Category Archives: racial insults

Asian Attraction, Part 3

Another two installments of the “seeking asian female” series called “They’re All So Beautiful” has hit YouTube.

Here’s the third episode:

This one is interesting as it asks Asian men to join the conversation about Asian-Caucasian couplings. Some Asian men express frustration in the attraction that Asian women have for Caucasian men. In response, an Asian woman says that dating an Asian man would be “like dating my brother.” Personally, I have felt the same and refer to my two best, male Asian friends as my “Big Brother” and my “Little Brother.”

In addition, one man described Asian women in this way (I believe my husband could attest to this.), “quite belligerent, demanding, controlling, and not afraid to say what is on their [sic] mind … not afraid to act independently on what they feel.” This completely contradicts the first installment that asked Caucasian men what they sought in Asian women.

The most disturbing segment of this video (in minute 4:43) is the Caucasian women’s subtleties in descriptive language of Asian women.  These two women continue to describe the couplings as “white males and Asian girls,” and “Asian girls looking for white men.” Why refer to other women as “girls”? Demeaning, belittling, and just plain name-calling, in my opinion.

Installment four goes like this:

Here we dig further into the attraction that Asian women have for Caucasian men. The culture card comes up here. Stereotypes are being flung to all parties … Asian men, Caucasian men, Asian women!

One Asian woman says that what attracts her to Caucasian men is that they are independent (exactly what an Asian man called Asian women). Now we’re getting somewhere.

We learn that the highest percentage of interracial marriages are made up by Asian women married to Caucasian men. There it is. My love for my husband plays into a statistic that proves this Asian fixation.

Thankfully, Dr. Benjamin Tong, Professor at the California Institute of Integral Studies, comes to our rescue, saying:

“Love has nothing to do with selling out on a people, has nothing to do with disloyalty. Love is something that simply happens between two people, and it can cross gender and race lines … ”

I needed that, Dr. Tong, on this, our eighteenth wedding anniversary. Love is love.

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The Road Taken

The film, Adopted, was loaned to me to start me on a journey …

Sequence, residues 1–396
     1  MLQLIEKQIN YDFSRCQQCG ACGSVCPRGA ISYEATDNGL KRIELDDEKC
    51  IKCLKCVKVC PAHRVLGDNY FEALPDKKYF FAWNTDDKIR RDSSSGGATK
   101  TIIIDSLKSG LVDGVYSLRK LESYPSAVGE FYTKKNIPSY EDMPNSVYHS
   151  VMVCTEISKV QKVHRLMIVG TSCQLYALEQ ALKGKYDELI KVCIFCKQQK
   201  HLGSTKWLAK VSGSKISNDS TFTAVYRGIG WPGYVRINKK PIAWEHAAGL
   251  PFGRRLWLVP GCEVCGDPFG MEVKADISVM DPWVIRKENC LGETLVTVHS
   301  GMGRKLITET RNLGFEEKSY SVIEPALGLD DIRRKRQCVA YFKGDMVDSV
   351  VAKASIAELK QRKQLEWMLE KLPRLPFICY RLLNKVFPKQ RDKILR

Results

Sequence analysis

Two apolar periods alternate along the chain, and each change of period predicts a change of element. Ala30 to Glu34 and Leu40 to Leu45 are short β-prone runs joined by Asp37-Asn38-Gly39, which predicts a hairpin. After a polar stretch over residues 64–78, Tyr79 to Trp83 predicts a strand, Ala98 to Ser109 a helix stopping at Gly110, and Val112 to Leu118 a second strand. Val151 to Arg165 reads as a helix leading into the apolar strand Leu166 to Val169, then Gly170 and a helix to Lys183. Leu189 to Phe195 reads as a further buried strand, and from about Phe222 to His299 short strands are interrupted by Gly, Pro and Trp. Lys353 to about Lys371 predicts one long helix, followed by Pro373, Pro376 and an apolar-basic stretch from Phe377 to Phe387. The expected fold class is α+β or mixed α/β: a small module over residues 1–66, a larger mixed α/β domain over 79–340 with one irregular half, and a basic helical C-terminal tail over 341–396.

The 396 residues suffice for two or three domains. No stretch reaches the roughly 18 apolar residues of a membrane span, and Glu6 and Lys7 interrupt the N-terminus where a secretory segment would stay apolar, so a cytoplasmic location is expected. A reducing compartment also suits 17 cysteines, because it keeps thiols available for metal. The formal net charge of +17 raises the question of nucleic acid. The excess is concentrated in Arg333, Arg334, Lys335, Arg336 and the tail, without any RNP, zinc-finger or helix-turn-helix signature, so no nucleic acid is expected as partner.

The problem is, I don’t want the angry journey portrayed in this movie through the adult adoptee, Jennifer. I am not her, nor do I feel as she does. I have never felt abandoned.

I identify more with her adoptive mother who says, “I think I probably remember a lot more details about picking Jenny up from the airport than I do about giving birth to Eric.”

Yet in search of her “core validation,” this young woman continues to lash out at her parents through snide comments and hurtful rejection. She forces a journey on her parents that they have made and are ending. Both her mother and father are dying of cancer.

I understand her recollections of racism outside of the home; I lived through those same racial jokes (see examples in this post). Unlike her, I experienced these moments with my family. When children chanted racial insults, my mother rushed up and confronted them. She faced their hurtful words as they shouted, “Come get us you big, fat hippopotamus!”

From day one, we all were a part of the journey. My mother was my best friend. I shared all the hurt with her. We talked through it. The adoptee, Jennifer, did not share, and now all the pent-up 9-year-old anger has surfaced in a thirty-something young woman.

She talks of “being authentic and real,” but I pose that your reality is what you make of it. I pose that individuals are different. While every adoption story does not end like Jennifer’s or mine, there are varying degrees of acceptance, abandonment and unconditional love.

The adoption story isn’t just about the well-being of the adoptee, as Jennifer would like us to believe. If it is, in fact, as Jennifer wishes, a journey they all take together, there should be some sensitivity for the adoptive parent.

Recently I have spoken of starting an adoptee’s journey, but more precisely, it is just a new chapter in my life … one of sharing parallel experiences, laughing at similarities (like all the vacuuming and couponing), and learning new stories.

I appreciate the different stories, but my life is full of wonderful things.

My daughter recently summed it up, saying, “If you weren’t adopted, I wouldn’t be here and we wouldn’t be with Daddy.”

I am content with the road I have taken.